At once the question was raised as to who was really guilty, the city treasurer or the broker, or both. How much money had actually been lost? Where had it gone? Who was Frank Algernon Cowperwood, anyway? Why was he not arrested? How did he come to be identified so closely with the financial administration of the city? And though the day of what later was termed "yellow journalism" had not arrived, and the local papers were not given to such vital personal comment as followed later, it was not possible, even bound as they were, hand and foot, by the local political and social magnates, to avoid comment of some sort. Editorials had to be written. Some solemn, conservative references to the shame and disgrace which one single individual could bring to a great city and a noble political party had to be ventured upon.
That desperate scheme to cast the blame on Cowperwood temporarily, which had been concocted by Mollenhauer, Butler, and Simpson, to get the odium of the crime outside the party lines for the time being, was now lugged forth and put in operation. It was interesting and strange to note how quickly the newspapers, and even the Citizens' Municipal Reform Association, adopted the argument that Cowperwood was largely, if not solely, to blame. Stener had loaned him the money, it is true-had put bond issues in his hands for sale, it is true, but somehow every one seemed to gain the impression that Cowperwood had desperately misused the treasurer. The fact that he had taken a sixty-thousand-dollar check for certificates which were not in the sinking-fund was hinted at, though until they could actually confirm this for themselves both the newspapers and the committee were too fearful of the State libel laws to say so.
In due time there were brought forth several noble municipal letters, purporting to be a stern call on the part of the mayor, Mr. Jacob Borchardt, on Mr. George W. Stener for an immediate explanation of his conduct, and the latter's reply, which were at once given to the newspapers and the Citizens' Municipal Reform Association. These letters were enough to show, so the politicians figured, that the Republican party was anxious to purge itself of any miscreant within its ranks, and they also helped to pass the time until after election.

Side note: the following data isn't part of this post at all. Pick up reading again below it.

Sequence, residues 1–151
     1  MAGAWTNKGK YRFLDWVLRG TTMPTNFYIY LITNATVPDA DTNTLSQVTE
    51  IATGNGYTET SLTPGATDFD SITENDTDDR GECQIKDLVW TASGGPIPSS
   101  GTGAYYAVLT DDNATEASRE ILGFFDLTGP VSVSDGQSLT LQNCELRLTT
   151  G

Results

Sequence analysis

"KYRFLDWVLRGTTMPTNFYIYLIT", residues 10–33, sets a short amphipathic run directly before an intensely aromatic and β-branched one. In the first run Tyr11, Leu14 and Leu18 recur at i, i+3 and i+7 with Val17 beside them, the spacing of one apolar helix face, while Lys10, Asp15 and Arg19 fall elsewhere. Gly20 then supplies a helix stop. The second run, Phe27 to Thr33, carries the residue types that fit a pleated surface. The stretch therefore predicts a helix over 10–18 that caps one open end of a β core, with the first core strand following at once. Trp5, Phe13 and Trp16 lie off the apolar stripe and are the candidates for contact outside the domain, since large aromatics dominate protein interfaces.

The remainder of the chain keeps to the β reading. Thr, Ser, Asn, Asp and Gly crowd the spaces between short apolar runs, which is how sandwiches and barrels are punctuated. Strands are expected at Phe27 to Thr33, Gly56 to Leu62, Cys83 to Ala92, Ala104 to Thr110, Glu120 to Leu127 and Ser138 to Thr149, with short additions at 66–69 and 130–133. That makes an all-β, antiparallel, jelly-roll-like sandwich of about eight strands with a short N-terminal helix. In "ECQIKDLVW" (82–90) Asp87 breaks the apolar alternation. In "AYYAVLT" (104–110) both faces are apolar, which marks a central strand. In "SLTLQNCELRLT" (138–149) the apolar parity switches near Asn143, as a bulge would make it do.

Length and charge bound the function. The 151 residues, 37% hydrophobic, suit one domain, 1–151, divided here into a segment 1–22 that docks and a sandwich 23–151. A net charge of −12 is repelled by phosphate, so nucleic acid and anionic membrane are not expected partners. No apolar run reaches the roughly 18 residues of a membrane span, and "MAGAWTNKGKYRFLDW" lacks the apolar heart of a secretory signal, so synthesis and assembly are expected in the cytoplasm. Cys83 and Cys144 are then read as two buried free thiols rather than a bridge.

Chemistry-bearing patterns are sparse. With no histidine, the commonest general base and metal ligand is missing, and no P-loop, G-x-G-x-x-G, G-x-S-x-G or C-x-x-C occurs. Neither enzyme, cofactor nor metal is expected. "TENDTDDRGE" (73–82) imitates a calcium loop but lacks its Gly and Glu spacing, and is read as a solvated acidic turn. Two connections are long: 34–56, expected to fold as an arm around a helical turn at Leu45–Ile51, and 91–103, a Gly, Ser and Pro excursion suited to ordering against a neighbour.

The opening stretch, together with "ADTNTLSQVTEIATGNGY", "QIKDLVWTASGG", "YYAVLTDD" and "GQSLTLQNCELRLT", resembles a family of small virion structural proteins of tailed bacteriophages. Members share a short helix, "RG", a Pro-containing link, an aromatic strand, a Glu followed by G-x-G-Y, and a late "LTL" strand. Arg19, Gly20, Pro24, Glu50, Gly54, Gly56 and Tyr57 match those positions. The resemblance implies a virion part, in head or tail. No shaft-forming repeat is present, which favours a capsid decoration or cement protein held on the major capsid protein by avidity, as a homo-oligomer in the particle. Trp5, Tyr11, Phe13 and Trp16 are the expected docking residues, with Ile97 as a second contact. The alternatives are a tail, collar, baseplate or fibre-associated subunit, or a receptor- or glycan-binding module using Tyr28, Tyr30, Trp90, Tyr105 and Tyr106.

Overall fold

OFFICE OF THE MAYOR OF THE CITY OF PHILADELPHIA
GEORGE W. STENER, ESQ., October 18, 1871.
DEAR SIR,-Information has been given me that certificates of
city loan to a large amount, issued by you for sale on account of
the city, and, I presume, after the usual requisition from the
mayor of the city, have passed out of your custody, and that the
proceeds of the sale of said certificates have not been paid
into the city treasury.
I have also been informed that a large amount of the city's
money has been permitted to pass into the hands of some one or
more brokers or bankers doing business on Third Street, and that
said brokers or bankers have since met with financial difficulties,
whereby, and by reason of the above generally, the interests of
the city are likely to be very seriously affected.
I have therefore to request that you will promptly advise me of
the truth or falsity of these statements, so that such duties as
devolve upon me as the chief magistrate of the city, in view of
such facts, if they exist, may be intelligently discharged.
Mayor of Philadelphia. OFFICE OF THE TREASURER OF THE CITY OF PHILADELPHIA
HON. JACOB BORCHARDT. October 19, 1871.
DEAR SIR,-I have to acknowledge the receipt of your
communication of the 21st instant, and to express my regret that I
cannot at this time give you the information you ask. There is
undoubtedly an embarrassment in the city treasury, owing to the
delinquency of the broker who for several years past has negotiated
the city loans, and I have been, since the discovery of this fact,